"pen/quill/mephistopheles/athanasius/devil/satan/lucifer""A very old scroll narrates how King Athanasius, first of his line, entered a wager with Mephistopheles, and won the pen that the Devil used to sign contracts for men's souls.

The King retired to this castle, overjoyed with his success, but the Devil flew away laughing."
"ingratitudina/cophetua""You had long suspected that he made that whole tale up, to distract you from the gloom of an especially lonely day. But no, here it is: Ingratitudina the First, so named by her mother-in-law, after King Cophetua married her and brought her to the castle."
"lucrezia/medici-credenza/treasures""You quickly skim the unpleasant history of Lucrezia of Medici-Credenza, how she brought odd magical treasures with her, introduced new methods of binding and contracting that were previously unknown even to this castle, and maintained a room for her studies in the basement below the rose garden. From this room everyone including her husband was banned.

There are some suggestions that she was the daughter of the Devil himself, sent to the castle to tempt the kings into further folly and destruction. But who knows?"
"roses/rose/garden" or "rose garden""The roses, according to record, were planted from a cutting brought by Lucrezia herself, and are the variety that grow in her father's palace. Wherever that might be."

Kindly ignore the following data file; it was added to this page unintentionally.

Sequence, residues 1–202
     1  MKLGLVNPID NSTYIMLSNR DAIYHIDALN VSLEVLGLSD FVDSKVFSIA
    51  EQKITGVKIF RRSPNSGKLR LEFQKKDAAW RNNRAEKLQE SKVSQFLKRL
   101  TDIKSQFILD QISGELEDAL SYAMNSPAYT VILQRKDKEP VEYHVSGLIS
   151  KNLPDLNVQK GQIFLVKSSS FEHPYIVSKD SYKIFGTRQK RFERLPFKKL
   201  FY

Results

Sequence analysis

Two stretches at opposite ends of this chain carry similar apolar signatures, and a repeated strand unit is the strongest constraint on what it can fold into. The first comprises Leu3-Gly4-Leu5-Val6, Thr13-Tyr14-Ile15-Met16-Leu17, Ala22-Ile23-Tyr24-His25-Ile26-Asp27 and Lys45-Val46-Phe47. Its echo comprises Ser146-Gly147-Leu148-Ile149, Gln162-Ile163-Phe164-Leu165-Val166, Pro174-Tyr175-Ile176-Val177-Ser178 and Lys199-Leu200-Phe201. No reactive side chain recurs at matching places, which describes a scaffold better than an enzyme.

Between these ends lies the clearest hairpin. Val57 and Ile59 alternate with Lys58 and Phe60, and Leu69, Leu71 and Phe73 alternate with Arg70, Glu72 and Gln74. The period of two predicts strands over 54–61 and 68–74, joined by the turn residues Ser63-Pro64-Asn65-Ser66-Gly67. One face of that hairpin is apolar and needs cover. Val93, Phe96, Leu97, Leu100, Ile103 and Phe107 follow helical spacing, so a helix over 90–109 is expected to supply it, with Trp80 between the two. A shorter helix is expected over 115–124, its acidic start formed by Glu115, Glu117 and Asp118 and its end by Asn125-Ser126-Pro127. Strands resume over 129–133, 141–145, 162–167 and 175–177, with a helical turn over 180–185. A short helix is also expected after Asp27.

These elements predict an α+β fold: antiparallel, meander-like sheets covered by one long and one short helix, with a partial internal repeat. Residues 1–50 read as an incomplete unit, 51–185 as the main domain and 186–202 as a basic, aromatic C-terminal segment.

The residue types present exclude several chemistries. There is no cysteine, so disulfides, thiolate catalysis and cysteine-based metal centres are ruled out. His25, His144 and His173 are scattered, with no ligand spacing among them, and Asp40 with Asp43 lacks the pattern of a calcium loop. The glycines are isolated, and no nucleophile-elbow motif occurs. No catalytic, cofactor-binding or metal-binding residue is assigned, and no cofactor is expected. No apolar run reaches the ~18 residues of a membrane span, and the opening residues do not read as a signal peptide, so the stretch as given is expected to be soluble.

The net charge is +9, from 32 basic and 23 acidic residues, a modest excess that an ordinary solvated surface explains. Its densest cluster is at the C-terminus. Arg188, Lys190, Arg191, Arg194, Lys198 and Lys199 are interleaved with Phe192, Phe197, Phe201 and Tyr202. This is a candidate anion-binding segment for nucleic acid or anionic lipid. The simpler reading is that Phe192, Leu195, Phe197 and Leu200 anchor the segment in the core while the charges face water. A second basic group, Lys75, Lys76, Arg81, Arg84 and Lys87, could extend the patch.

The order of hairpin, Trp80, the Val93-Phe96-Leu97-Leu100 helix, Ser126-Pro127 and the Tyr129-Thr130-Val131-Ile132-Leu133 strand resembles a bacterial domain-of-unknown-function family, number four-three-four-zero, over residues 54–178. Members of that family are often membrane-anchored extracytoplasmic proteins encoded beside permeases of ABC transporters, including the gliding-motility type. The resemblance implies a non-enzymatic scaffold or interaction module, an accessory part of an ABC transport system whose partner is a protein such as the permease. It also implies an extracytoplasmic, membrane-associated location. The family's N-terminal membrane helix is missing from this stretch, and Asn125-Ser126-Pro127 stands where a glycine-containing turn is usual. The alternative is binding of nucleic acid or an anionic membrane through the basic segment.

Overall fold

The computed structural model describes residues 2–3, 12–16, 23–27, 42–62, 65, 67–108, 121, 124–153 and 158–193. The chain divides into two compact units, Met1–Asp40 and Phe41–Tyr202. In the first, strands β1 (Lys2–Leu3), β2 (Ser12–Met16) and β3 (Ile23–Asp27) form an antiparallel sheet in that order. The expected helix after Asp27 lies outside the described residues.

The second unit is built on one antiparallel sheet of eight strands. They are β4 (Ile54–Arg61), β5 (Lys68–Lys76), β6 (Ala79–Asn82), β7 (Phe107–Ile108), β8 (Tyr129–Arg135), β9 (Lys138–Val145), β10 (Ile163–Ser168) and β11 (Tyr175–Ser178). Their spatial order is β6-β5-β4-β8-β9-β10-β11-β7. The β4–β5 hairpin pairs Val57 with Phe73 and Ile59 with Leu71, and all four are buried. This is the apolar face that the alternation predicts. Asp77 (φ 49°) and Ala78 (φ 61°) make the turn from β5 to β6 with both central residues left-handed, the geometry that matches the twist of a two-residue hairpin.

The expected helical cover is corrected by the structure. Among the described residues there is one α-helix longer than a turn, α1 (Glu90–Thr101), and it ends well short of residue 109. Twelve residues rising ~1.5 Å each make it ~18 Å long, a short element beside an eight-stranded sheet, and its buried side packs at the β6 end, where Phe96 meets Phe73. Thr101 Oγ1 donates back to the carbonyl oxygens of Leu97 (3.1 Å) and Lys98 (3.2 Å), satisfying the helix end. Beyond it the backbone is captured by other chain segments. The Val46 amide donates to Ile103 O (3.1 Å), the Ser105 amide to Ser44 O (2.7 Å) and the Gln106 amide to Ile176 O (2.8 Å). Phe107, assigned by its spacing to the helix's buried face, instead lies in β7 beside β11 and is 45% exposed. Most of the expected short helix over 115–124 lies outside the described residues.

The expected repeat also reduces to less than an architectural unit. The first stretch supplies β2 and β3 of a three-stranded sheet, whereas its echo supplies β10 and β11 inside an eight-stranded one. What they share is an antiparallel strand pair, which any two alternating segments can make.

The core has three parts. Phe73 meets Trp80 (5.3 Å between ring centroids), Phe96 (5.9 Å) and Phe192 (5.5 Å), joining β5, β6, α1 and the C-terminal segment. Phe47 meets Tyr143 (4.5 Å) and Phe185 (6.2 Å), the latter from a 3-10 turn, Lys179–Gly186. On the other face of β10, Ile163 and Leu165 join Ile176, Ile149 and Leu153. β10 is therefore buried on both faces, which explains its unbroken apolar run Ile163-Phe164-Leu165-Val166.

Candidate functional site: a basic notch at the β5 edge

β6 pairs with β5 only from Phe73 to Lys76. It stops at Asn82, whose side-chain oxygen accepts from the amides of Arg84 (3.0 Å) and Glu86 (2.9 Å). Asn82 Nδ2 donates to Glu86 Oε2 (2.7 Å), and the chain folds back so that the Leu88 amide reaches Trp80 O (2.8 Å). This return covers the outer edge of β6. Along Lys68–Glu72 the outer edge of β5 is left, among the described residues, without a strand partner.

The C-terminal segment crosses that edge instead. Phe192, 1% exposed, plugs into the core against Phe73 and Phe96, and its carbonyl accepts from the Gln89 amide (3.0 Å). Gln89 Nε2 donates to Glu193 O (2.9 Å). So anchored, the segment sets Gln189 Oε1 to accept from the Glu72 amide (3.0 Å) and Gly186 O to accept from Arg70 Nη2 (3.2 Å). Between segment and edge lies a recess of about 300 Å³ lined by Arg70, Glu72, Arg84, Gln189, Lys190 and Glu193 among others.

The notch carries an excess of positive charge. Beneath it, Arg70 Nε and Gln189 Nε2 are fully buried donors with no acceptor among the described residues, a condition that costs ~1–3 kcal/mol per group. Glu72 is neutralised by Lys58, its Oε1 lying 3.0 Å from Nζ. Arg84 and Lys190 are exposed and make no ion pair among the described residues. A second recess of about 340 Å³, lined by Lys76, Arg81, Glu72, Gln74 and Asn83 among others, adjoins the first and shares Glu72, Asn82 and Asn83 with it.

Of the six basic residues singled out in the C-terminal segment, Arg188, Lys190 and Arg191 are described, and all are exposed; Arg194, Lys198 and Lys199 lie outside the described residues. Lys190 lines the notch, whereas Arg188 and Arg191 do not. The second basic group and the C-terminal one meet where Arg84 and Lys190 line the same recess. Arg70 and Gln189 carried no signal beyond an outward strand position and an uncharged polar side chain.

"Yggdram""Of King Yggdram the Piscine, there remain only many hundreds of lines of scurrilous verse, hinting but never quite daring to specify the true nature of his particular perversion."

The Parliamentary Chambers are east of the State Rotunda. "Despite its grand name, this is one of the smaller chambers of the castle, because the kings were never inclined to brook too much advice. On each side of the room are two neat [oak benches], seating for perhaps thirty men -- and, more rarely, women, and a few characters who could not be called by either term." Some oak benches are enterable supporters in the Parliamentary Chambers. The benches are scenery. Understand "bench" as the benches.